Tim died on Saturday. Well, I found his body on Saturday morning. He probably went sometime Friday night. I didn’t tell anyone, at first. I closed his door, then opened it again, thinking (hoping) that would rouse him. But he just laid there. Pale blue. Still.
I tried to figure out the best way to tell my son. He was closest to Tim. This wasn’t the first death my son has dealt with. But I still felt like it was important to figure out the right words.
“Honey, I have some sad news. Tim passed away last night.”
“What!?! Are you serious?”
“Yeah buddy. I’m really sorry.”
Then his face turned red.
Then he started to yell.
“I’m calling the police! And they’re gonna arrest you! Cuz you killed him!”
“No, sweetie, I didn’t. He’s been sick. I gave him some medicine. But I didn’t kill him. It was just time for him to go.”
“You killed him! I hate you!”
I was a little shocked by the outburst, the jump to an accusation. But it’s easier to be angry than it is to be sad. Angry can be spit out at other people, distributed. Sad is just a big heavy lump that sits on your chest while you try to go about your business.
“Can I get another fish?”
“Um, sure. Are you ready for that?
“Yeah. I want one the same color. But I’m not namin’ him Tim.”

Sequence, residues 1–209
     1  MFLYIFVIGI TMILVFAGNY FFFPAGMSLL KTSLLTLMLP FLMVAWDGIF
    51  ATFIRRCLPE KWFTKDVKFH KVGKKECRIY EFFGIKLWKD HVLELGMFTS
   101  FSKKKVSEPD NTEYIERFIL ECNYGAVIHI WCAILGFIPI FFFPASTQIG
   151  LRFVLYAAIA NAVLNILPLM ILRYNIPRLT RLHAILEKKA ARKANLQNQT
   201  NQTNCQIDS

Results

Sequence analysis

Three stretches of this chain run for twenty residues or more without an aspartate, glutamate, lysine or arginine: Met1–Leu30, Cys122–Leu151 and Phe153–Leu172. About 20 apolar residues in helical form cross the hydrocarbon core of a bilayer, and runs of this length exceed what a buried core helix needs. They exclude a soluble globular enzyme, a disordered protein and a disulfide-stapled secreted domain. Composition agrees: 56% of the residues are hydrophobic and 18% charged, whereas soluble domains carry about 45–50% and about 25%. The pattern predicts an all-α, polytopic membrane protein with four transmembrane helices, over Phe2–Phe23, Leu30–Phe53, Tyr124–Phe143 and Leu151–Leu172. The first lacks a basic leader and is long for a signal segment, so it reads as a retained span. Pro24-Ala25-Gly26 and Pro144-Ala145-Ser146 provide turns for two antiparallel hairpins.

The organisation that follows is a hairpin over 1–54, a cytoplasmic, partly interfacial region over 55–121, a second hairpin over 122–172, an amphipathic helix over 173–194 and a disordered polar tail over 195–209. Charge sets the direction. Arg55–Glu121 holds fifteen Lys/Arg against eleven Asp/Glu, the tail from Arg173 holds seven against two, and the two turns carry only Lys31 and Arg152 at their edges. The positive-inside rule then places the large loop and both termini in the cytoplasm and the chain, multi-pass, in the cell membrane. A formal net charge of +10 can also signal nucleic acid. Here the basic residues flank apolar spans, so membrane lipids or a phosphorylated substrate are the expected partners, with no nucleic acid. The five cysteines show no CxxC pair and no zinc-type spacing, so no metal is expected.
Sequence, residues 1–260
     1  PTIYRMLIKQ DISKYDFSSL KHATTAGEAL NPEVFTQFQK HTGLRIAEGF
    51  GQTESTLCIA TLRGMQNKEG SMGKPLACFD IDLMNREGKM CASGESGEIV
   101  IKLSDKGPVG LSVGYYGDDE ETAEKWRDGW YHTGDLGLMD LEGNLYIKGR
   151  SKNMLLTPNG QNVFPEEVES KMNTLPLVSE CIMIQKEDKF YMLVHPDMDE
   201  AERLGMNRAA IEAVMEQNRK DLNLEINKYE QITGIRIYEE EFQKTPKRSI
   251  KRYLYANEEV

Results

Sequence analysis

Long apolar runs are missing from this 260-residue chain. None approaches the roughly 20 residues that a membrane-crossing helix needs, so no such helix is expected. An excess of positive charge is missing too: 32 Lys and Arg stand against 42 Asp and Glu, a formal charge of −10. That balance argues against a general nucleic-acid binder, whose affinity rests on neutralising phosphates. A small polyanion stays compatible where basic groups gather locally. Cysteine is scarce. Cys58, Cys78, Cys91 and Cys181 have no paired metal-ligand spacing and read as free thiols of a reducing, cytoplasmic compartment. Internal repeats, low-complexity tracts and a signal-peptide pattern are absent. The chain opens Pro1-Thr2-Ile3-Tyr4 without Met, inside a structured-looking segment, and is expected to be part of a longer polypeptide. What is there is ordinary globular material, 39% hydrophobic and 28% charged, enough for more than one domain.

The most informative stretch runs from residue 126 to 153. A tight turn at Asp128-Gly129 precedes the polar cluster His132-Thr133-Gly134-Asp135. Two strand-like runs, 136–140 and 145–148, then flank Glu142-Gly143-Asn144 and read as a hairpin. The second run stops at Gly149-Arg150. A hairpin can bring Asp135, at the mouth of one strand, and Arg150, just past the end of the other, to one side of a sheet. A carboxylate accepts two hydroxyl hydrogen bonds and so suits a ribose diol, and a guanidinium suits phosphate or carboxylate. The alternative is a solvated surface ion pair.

I was scared the day my son announced he needed a pet. I’m not a pet person. I grew up on a farm. Animals that didn’t make money (or at least earn their keep) were not tolerated. So I was braced for what would come next.
“What kind of pet do you want?” (Please, please, please don’t let it be a cat. Or a dog. Or heaven forbid a god-damned rodent...)
“How about a fish?”
“YES! Yes! Oh my goodness yes!” A lovely, relatively maintenance free fish. I practically ran to the pet store to help him pick out a tetra.
We enjoyed him. My son fed him, diligently. For 2 days. Then, despite my callous warnings that the fish would expire without my son’s care, I ended up taking care of Tim. The kids still enjoyed him, sporadically.
One day Tim got sick. Then he got better. Then he got really sick.
We gave my son two options: burial in the backyard, or burial at sea (via the toilet).
The little poet felt that the water option was the most apt. (I was grateful. I don’t think we could have dug more than a couple of inches into our frozen backyard.)
We gathered round the toilet. I asked our son if he wanted to say anything. He did. He’d never been to a funeral, but he seemed to have an inherent sense of the rhythm of the ceremony.
“I’ll miss you, Tim. You were a good fish. The next fish’s name will be Dash.”
He solemnly dumped Tim into the bowl, waved, and flushed.
(I got a vision of myself, having predeceased my husband. He would lean over my casket. He would say “I’ll miss you, Gin. You were a good wife. Now I’m gonna hook up with the girl who does your nails.”)
Insofar as these things can be “successful”, it was a pretty successful loss of a first pet. Another milestone in the bag.